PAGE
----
By and large this is a calm and fairly affluent city. There's industry at the outskirts, between Exeter and the rolling Devon countryside. But the big employers are in administration - London and Manchester Insurance, Customs and Excise. By the river, the warehouses are for leisure, converted into cafes, waterfront apartments and places to hire paddle boats.
Yet, as Thursday's city council elections approach, the political atmosphere is acid. Labour go into the contest holding 16 seats, just two more than the Tories. Two of the Tory seats are held by majorities of 9 and 72. The Liberal Democrats, currently on five, are convinced that they can steal seats from both sides.
John Holman, a Liberal Democrat councillor, spoke of the typical frustration suffered by candidates in a local election, where many voters insist on thinking nationally. 'Everyone brings up VAT on fuel,' he said. But there are local issues: the cost of water (rates charged by South West Water are pounds 105 above the national average); the possibility of closed-circuit television in the High Street to counter theft; and traffic calming measures.
In the background hangs the possibility that nobody actually knows what the city council does. Throughout last year, Exeter City Council monitored incoming telephone calls: 2,169 phoned the switchboard asking for services actually run by Devon County Council in another building. Most of the callers wanted the education department or social services, which are nothing to do with the city council. Others had queries about highways and trading standards - ditto. There were also two calls for the fire brigade.
Partly out of a desire to make its role clear, the city council gets behind events touting itself and the city. You name it, Exeter hosts its festival - the Festival of West Country Food and Drink was last month; the Rail Fair, featuring all manner of shunters, was last weekend. The Exeter Festival (art, drama, music) opens on 30 June.
Then there are the smaller, internal promotions. The Henley Research Centre worked out that a pub customer who drinks at lunchtime and in the evenings is worth pounds 788 per year. Dissatisfied customers are reckoned to tell 13 people about their experiences. So one unhappy customer can cause pounds 10,000 of lost business. Impressed and terrified, the council launched the 'Customer Care Awards' which, according to the rubric, set out to 'highlight Exeter's reputation as a friendly place to eat, shop and do business'.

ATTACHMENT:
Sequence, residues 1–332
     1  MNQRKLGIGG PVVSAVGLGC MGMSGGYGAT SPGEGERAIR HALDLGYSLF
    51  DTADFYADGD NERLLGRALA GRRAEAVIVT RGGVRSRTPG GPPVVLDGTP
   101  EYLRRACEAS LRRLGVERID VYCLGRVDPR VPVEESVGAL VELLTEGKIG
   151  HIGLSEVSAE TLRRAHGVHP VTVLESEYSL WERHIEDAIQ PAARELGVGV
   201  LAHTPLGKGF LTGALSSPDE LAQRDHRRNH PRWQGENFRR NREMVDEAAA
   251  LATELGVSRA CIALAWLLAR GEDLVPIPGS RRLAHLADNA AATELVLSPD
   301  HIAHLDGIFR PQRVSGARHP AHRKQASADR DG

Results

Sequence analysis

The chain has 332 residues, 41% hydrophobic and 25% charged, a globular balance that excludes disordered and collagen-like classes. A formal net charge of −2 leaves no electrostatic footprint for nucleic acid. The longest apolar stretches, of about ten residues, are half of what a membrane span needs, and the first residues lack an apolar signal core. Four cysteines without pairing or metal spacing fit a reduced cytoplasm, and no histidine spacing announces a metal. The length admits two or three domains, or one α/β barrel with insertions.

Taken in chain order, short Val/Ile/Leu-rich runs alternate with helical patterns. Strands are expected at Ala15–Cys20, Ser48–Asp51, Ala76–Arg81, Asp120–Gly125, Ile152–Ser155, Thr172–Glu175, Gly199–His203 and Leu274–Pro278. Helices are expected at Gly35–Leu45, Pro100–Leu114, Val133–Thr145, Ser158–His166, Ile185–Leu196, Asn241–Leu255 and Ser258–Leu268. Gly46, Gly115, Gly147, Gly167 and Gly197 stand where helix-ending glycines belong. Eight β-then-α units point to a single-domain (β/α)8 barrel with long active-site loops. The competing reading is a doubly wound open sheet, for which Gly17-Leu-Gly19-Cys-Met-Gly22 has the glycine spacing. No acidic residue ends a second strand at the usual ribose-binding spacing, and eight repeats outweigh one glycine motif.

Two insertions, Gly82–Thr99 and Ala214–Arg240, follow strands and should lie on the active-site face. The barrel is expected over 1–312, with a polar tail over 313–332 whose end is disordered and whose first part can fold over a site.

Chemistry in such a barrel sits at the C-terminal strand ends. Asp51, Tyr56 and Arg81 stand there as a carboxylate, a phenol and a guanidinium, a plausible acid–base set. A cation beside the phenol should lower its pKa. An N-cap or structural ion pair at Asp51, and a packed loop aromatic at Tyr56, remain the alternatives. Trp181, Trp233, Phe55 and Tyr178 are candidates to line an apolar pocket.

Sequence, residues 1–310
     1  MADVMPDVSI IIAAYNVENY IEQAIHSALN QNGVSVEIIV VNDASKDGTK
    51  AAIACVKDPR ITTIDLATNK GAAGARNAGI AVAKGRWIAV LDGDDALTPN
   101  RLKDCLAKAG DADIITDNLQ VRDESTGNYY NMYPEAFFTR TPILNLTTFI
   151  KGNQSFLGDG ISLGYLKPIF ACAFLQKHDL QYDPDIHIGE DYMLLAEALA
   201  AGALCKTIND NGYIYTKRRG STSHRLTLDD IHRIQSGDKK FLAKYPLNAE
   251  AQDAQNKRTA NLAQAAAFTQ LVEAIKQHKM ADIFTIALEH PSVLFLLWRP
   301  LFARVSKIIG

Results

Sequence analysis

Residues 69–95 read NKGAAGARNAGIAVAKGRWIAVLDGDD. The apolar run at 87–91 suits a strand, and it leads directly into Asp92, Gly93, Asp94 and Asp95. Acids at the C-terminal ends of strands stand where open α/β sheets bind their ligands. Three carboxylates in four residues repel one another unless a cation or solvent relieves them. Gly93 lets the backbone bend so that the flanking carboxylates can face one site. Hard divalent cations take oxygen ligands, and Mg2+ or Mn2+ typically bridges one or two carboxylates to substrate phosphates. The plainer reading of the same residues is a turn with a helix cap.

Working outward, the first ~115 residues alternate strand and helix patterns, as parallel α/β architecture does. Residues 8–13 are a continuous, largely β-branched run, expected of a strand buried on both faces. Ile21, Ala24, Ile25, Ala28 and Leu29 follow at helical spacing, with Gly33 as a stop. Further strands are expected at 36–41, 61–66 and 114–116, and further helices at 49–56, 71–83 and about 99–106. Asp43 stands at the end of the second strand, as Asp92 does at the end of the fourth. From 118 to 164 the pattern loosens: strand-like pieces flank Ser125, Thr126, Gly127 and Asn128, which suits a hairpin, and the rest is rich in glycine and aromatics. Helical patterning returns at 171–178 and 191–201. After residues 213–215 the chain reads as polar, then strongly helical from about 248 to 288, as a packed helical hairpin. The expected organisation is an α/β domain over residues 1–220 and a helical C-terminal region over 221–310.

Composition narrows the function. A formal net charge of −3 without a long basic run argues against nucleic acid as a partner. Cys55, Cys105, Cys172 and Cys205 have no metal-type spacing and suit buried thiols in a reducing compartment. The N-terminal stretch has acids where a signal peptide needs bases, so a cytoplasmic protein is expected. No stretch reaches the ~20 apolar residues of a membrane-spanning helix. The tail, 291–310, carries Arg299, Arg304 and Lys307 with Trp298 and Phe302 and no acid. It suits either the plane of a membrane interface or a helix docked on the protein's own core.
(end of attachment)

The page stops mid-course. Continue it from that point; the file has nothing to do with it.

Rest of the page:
Some criticise this kind of grandstanding. John Greaves, who runs a shop opposite the cathedral, serving all-day cream teas, said: 'People here are generally pro the council, but there are grievances about them lavishing money on refurbishment.'
Meanwhile, 600 people have signed a petition against developing Matford Marshes, which lies in a green protection area. Labour wants it for industry, the Tories are divided and the Liberal Democrats oppose the scheme. 'I've never known anyone survive on grass except cows,' said Chester Long, a Labour councillor and city council leader. 'I'm keen as mustard on retaining the environment, but I have to balance that with the demand for jobs.'
Mr Long is also mildly sceptical about petitions: 'I bet you a tenner I could take a blank piece of paper out there this afternoon and get 100 signatures on it.'
Driving out to the new athletics track to look at work on the new indoor bowling rink taking place beyond the new rugby pitches, Mr Long spent most of the car journey waving and shouting to people through the open window - the manager of the sports arena, a traffic warden, his mother-in-law - and offering nuggets of wisdom based on 10 years on the city council. 'Everybody wants a play area, until you suggest putting it beside their front door.'
Mr Long said that Labour inherited a pounds 23m debt from the Tories in 1984 and have pegged it at that level. He gestured expansively at the athletics track, built on the old county showground and opened two years ago. According to Mr Holman, the project 'was given all-party support, though you wouldn't think it to read some of the election material'.
While the politicians campaign against each other, in Alphington, to the south of the city, Ron Thomas, a retired harbourmaster, is campaigning against his next-door neighbour's 60ft radio aerial. It belongs to Tony Downing, a radio ham, who has the necessary permission to erect it. Mr Thomas claims it interrupts his television signal and affects the radio and telephone. And just recently, he has become concerned that Mr Downing's transmissions might be upsetting his pacemaker.
Mr Downing was unavailable for comment but he claims that his gear has passed Department of Trade and Industry tests.
Nevertheless, Mr Thomas has submitted an 80-signature petition to the city council. He is after what everyone in Exeter would wish and which many already appear to have - a life without interference.
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